Wendell Scott’s story not only tells of a single black American defying the standards of the Jim Crow south but also of a talented individual who accomplished amazing feats despite the challenges he faced.
Wendell Scott was the first black American full-time competitor in NASCAR history. Wendall was asked to join the team and soon amazed audiences with his brave and audacious driving style. Whilst other drives gained sponsorship, Wendell was left to use the engineering skills he’d gained from his service during the second world war along with the persistence and dedication of his two sons, to help him stay ahead of the game.
In 1963, on the Jacksonville Speedway Park racecourse, Wendell made history as he passed over the finish line in first place in what is now known as the Sprint Cup Series. However, the checkered flag did not drop for him but instead a driver that came in behind him, declaring them the winner. Wendell’s lead was by two laps, a lead hard to ignore. This racially motivated decision was believed to have been made not only due to the segregation and Jim Crow era but also due to not wanting a black man to kiss a white woman, an old tradition where the winner would kiss the local beauty queen. Although Wendell later received his first-place prize money in secret after the event, he was denied the spectacle of winning, podium and trophy.
According to the NASCAR Hall of fame and the Wendell Scott Foundation, Wendell had a 13 year NASCAR career where he finished in the top 10 in 147 races. Due to his fantastic achievements in racing and defying the odds at the time, he’s been included in the Black Athletes Hall of Fame, Jacksonville, Florida Hall of Fame, Danville Register & Bee Hall of Fame, National Sports Hall of Fame, International Motorsports Hall of Fame, Virginia Sports Hall of Fame, National Motorsports Press Association Hall of Fame, Danville Museum of Fine Arts and History Hall of Fame, and in 2015 Wendell Oliver Scott was inducted into the NASCAR Hall of Fame.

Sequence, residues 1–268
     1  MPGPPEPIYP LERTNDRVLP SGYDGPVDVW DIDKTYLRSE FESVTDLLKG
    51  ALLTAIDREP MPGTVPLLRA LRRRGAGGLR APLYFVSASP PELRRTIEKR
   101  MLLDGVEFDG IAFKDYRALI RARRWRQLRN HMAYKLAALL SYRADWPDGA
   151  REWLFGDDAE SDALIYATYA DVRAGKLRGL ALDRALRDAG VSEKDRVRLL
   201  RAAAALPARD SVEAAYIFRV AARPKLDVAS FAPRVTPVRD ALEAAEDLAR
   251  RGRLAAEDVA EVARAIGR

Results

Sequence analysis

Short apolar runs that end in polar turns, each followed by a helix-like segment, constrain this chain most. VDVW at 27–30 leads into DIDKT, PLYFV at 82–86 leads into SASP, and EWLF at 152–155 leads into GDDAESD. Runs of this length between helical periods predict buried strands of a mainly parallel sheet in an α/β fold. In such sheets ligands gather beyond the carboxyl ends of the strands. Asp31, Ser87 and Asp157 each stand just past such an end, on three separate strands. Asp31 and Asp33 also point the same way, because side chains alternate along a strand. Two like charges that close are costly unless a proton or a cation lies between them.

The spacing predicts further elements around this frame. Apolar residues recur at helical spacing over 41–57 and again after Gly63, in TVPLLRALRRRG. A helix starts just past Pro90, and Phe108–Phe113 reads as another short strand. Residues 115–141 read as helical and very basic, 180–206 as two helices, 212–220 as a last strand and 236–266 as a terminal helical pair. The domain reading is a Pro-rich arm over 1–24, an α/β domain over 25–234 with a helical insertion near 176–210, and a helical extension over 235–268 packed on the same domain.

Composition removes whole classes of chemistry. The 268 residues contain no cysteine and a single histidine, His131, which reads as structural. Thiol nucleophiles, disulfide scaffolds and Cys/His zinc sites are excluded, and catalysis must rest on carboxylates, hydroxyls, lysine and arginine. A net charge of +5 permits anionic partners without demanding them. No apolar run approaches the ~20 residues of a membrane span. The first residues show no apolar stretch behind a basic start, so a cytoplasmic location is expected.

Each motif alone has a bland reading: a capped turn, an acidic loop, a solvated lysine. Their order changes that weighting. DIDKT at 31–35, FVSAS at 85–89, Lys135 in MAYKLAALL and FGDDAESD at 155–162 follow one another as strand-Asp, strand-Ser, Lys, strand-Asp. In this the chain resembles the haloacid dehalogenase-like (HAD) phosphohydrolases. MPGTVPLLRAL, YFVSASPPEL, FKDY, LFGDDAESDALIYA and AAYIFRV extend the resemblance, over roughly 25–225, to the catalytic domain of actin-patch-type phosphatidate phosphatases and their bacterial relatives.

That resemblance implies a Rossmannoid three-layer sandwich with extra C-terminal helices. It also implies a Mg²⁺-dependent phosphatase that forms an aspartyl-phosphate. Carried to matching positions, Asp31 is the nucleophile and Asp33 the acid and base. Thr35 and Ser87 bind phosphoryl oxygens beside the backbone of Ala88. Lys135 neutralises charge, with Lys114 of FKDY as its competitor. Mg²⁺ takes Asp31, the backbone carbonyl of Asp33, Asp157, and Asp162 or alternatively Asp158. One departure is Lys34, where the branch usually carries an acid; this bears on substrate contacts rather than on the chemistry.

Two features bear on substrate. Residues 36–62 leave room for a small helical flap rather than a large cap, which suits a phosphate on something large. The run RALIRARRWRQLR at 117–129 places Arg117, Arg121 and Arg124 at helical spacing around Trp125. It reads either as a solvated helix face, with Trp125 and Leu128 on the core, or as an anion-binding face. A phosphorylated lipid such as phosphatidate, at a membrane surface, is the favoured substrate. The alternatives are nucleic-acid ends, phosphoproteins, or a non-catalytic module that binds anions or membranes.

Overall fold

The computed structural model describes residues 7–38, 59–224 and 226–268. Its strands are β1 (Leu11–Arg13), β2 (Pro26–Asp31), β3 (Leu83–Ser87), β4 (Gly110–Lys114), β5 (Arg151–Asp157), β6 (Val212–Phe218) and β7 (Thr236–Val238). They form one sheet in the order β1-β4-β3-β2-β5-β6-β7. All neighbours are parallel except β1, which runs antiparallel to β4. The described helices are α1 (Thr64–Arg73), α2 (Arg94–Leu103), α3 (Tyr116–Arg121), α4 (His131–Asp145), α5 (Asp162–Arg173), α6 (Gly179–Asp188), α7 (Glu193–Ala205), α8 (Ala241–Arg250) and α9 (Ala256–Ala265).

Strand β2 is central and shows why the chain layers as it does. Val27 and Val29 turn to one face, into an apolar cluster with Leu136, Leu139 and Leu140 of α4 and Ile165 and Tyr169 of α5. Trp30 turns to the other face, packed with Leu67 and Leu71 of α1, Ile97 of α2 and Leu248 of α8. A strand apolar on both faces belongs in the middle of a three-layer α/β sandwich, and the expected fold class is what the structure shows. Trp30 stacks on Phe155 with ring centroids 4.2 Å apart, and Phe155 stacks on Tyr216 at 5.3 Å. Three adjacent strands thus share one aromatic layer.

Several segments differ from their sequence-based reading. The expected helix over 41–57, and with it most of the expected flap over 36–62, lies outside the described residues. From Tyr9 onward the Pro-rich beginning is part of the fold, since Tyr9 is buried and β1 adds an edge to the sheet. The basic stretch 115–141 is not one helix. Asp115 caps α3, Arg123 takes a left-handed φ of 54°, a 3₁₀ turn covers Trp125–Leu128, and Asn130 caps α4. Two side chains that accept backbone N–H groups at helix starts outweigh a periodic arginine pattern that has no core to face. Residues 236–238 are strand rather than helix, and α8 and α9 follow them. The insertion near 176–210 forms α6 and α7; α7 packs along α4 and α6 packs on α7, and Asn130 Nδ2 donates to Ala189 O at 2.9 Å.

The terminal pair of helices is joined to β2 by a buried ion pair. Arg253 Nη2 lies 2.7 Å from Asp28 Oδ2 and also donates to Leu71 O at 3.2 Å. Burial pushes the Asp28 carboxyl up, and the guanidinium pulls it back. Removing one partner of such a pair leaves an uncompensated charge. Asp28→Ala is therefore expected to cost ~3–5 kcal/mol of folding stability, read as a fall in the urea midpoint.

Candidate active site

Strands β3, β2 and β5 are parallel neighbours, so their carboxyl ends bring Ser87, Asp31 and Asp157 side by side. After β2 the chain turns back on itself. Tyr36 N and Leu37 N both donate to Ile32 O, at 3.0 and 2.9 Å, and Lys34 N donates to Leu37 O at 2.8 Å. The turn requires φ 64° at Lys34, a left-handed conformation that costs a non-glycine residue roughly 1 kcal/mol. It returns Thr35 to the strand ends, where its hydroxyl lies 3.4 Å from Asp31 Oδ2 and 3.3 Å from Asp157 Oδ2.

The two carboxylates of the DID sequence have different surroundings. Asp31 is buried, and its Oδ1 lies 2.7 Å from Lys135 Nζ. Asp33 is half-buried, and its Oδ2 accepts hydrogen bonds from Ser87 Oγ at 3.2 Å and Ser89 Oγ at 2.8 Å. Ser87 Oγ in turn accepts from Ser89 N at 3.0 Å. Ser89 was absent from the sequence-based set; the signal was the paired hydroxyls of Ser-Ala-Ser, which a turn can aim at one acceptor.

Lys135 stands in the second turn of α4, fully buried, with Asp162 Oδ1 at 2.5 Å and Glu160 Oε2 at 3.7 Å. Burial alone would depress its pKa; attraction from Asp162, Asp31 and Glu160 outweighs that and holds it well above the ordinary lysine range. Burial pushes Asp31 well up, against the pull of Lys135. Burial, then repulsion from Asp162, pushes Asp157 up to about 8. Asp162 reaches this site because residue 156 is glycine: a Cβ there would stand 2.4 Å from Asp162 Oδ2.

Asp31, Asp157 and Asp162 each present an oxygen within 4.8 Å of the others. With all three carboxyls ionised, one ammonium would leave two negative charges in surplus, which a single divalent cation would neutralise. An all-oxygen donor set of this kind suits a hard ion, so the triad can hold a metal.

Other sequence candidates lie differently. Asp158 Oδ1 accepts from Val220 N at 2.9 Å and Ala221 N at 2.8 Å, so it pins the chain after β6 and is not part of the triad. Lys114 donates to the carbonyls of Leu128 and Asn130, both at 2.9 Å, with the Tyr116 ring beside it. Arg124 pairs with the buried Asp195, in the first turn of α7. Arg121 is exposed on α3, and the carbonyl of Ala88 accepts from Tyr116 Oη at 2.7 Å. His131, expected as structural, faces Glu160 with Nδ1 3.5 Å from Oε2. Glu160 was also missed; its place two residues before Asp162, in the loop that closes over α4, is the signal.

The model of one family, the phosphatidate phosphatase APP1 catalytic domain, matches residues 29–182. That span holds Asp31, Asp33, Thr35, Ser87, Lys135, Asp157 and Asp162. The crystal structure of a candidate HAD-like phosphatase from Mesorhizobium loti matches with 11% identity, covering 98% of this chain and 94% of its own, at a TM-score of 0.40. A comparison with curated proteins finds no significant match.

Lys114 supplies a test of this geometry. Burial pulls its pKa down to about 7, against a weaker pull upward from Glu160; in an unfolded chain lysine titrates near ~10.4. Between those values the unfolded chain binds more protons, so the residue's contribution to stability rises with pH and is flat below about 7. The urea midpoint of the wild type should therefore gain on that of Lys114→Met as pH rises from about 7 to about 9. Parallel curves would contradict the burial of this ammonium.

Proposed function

Wendell Scott passed away in 1990 but his legendary career and achievements are still celebrated to this day. In the ESPN documentary, Wendell Scott: A Race Story, his son Frank Scott says he believes that his father’s mission was to open the doors for others like him to step through.
In 2020, Wendell Scott’s family appealed for the race trophy that he was denied in 1963. In a statement from Wendell’s grandson, Warrick Scott, the family have requested that the trophy be found and sent to the Wendell Scott Foundation and dedicated in memory of Wendell. Warrick told Motor Sport magazine in an interview last year, “The request I’m making is not just about the trophy from ’63, it is about the acknowledgement in the sport in totality, it’s about him receiving the proper recognition within the sport.” NASCAR so far has refused to comment.
Although no other Black American has taken a win in NASCAR’s premier division since Wendell, Bubba Wallace is a race winner in the truck series. Wallace is the only current African American racing in the top series and is at the forefront of those calling to make the sport more inclusive.